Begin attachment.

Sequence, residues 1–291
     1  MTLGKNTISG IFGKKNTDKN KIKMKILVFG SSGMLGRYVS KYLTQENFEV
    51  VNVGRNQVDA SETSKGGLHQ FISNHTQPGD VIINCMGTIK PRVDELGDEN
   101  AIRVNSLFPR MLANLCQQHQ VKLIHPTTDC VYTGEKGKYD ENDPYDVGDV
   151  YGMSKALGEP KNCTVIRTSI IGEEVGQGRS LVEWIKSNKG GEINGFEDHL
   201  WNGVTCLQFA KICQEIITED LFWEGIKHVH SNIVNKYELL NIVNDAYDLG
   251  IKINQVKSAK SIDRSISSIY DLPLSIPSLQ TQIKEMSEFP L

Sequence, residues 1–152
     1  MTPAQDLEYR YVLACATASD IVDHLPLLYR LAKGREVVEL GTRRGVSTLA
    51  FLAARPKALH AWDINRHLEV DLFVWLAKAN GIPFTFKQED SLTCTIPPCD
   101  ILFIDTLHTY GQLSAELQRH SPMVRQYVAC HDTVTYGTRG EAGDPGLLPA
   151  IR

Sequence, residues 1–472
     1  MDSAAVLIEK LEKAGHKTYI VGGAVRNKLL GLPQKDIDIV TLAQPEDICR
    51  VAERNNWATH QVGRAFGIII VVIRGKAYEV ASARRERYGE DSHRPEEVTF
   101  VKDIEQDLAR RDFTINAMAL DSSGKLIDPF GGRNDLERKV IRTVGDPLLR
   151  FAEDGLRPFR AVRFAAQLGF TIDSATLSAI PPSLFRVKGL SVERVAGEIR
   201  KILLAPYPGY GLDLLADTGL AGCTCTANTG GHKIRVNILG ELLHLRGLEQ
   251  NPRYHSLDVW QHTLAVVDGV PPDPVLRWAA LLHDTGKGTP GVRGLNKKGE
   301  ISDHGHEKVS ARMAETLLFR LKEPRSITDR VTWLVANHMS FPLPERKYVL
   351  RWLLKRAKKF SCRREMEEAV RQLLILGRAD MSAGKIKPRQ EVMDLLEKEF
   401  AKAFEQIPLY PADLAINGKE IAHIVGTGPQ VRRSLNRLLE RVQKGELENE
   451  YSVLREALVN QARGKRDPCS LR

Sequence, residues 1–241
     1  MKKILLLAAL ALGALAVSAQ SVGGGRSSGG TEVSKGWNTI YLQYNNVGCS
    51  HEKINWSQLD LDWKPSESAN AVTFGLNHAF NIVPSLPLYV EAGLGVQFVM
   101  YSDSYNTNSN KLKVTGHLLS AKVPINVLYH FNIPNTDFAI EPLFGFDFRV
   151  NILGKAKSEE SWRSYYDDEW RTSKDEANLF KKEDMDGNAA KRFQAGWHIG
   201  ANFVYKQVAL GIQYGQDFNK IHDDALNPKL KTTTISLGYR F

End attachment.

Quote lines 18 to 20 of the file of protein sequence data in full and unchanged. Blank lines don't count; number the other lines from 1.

   201  KILLAPYPGY GLDLLADTGL AGCTCTANTG GHKIRVNILG ELLHLRGLEQ
   251  NPRYHSLDVW QHTLAVVDGV PPDPVLRWAA LLHDTGKGTP GVRGLNKKGE
   301  ISDHGHEKVS ARMAETLLFR LKEPRSITDR VTWLVANHMS FPLPERKYVL